Theater Review - Punk it up

8 1/2 X 11 gets punk’d at Dad’s Garage

For a show subtitled “Punk Rock Will Never Die,” Dad’s Garage Theatre’s 8 1/2 x 11 looks a little more like the “establishment” than the annual short-play festival’s previous productions. For five years, 8 1/2 x 11 showcased the work of Atlanta writers and playhouses while holding each short play to a zany but distracting 11-minute limit.

This year’s festival dispenses with both the locals-only hook and the beat-the-clock gimmick to commission new plays loosely unified by the punk theme, primarily from playwrights with a national reputation. 8 1/2 x 11 may not be a pure expression of punk’s defiant spirit, but it rocks harder and tighter than the festival’s earlier versions.

Music provides the overt theme to five of the evening’s shorts, beginning with a performance from Atlanta rock band Clobber, a trio of marionettes voiced and operated by Jason Hines. Like Tenacious D, Clobber presents an outrageously funny reduction of rock band cliches, from power chords to profane lyrics. Clobber’s rude, silly appearance lasts about the length of a comedy segment from “Late Night with Conan O’Brien,” which is wise — any longer and the joke would wear thin.

Two 8 1/2 x 11 contributors play rock music in their “day jobs.” Jon Pierson of punk band Screeching Weasel takes a snapshot of the music industry with “Contracts, or Our Van Could Be Your Life.” The play cuts between a jaded pop star’s (Matt Myers) press conference and four penniless band members inching to their next gig in a piece-of-crap van. Pierson shows an insider’s familiarity with the above-it-all proclamations of successful musicians and the strung-out tedium of road trips.

In “Anarchy in the Gold Street Wimpy,” David J. of English rockers Bauhaus and Love and Rockets flashes back to the Sex Pistols’ noisy arrival in 1970s England. As the narrator, Geoff Uterhardt nails the working-class English accent and “piss off” attitude, just as the costuming evokes Johnny Rotten and Sid Vicious. “Wimpy” is infused with nostalgia more than rage, but with the authority of someone who has firsthand punk experience.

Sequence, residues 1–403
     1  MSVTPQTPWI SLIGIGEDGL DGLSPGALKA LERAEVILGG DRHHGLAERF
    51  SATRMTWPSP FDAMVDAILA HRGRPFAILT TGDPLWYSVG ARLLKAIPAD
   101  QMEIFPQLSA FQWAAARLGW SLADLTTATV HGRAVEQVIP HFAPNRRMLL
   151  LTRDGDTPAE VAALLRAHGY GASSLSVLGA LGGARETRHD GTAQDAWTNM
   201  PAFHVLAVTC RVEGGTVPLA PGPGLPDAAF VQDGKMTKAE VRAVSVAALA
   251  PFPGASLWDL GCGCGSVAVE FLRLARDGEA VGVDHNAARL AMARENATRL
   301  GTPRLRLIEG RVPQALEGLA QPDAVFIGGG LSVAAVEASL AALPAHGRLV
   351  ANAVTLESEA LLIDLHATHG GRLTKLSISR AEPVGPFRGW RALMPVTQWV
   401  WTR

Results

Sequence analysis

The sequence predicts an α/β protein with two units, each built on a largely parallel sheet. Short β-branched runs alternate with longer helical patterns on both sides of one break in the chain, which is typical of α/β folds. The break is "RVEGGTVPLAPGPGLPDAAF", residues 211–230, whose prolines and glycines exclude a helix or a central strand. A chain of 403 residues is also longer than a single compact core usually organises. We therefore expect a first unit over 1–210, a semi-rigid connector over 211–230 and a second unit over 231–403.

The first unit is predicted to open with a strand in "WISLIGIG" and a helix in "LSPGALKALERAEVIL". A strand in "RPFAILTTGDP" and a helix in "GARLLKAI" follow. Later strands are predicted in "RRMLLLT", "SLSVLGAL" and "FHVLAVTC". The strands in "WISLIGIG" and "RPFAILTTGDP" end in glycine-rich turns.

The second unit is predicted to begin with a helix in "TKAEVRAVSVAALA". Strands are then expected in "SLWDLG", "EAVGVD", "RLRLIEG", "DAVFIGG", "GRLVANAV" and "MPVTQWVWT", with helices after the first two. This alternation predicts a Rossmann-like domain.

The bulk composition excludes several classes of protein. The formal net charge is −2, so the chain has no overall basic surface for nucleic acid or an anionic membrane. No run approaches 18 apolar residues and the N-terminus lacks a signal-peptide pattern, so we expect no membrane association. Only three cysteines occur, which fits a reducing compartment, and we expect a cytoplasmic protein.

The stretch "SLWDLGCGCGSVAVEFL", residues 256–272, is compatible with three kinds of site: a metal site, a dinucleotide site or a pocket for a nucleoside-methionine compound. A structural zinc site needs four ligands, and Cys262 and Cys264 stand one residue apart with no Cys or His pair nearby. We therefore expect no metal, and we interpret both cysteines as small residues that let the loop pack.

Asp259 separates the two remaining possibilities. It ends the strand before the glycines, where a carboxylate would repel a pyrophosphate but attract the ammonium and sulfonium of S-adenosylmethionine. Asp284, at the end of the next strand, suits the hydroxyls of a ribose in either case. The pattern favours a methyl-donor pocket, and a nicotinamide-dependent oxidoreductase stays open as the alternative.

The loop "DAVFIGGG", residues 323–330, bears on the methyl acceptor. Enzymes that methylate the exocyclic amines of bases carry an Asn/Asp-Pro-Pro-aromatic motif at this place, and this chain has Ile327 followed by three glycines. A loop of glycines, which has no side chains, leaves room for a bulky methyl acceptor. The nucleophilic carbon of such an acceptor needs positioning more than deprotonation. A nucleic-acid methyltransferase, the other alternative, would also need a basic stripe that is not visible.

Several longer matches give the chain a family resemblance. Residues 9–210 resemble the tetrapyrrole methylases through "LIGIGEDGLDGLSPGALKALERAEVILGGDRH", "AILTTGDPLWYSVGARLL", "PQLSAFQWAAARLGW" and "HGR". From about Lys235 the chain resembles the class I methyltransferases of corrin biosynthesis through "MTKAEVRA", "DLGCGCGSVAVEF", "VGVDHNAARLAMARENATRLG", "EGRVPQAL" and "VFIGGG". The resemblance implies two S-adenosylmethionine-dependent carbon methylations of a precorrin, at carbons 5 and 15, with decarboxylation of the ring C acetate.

Two smaller, sketchier pieces consider the rock fan’s perspective. Christian Danley of the cartoon “SeaLab 2021” animates man-on-the-street answers to the question: What is punk rock? (Replies range from a confident “Anything that doesn’t suck ass,” to an uncertain “Green Day?”) In Steve Yockey’s “Stop Motion,” three actors (Jon Benzinger, Alison Hastings and Spencer Stephens) describe the sensations of being in a punk rock audience. Yockey (a former CL staffer) constructs neat, insightful turns of phrase, such as the image of feeling “the music on the inside, trying to cut its way out.”

The other plays engage the theme less overtly. The Black Flag song “My War” inspired Chay Yew’s “Second Skin,” the evening’s most serious short. Yew begins with two immigrant boys playing baseball, the actors repeating the motions of pitching and catching. The Sept. 11 attacks interrupt the all-American activity, and Yew’s poetic language builds to disturbing implications about what being an American can mean.

“Theater” by Urinetown co-creator Greg Kotis has no connection to music — unless you find a parallel between punk’s raw, DIY ethos and the spontaneous creativity of improv comedy. The actors preen with hilarious self-importance and talk about how real acting begins when they ask the spectators, “How did you like the play?”

In the evening’s cleverest entry, Megan Gogerty’s “Rumple Schmumple,” fairy-tale storytelling collides with post-feminist politics. Uterhardt plays a wicked storybook character who tricks a mother (Hastings) out of her baby, then has second thoughts when she explains the tribulations of modern parenting.

The 8 1/2 x 11 festivals seldom find consistent quality, but no duds spoil this year’s bunch. Alice Tuan’s “Don’t Fuck With My Dotted Eye” could use a sharper punch line but includes such amusing touches as an unctuous aromatherapist and a touchy patient mummified in bandages.

The five-player ensemble brings plenty of energy and versatility to the roles, although if Stephens were any more laid back, he’d disappear entirely. In “Wimpy,” Hastings captures the glassy-eyed groupie look, while Uterhardt and Benzinger spend the evening competing over who has the most vivid comic presence. Uterhardt strikes the most absurd, faux-serious poses, while Benzinger makes the funniest faces, scrunching up his features until he resembles Popeye.

With a flexible, engaging theme and high writing standards across the board, 8 1/2 x 11: Punk Rock Will Never Die only disappoints by being a bit short. You leave feeling like there’s still room for an additional play or two to dig more deeply into punk’s rebellious, streetwise spirit. 8 1/2 x 11 shows deep affection for punk rock, but it’s closer to the respectful, tribute-style tunes of Rancid than the raging righteousness of the Clash.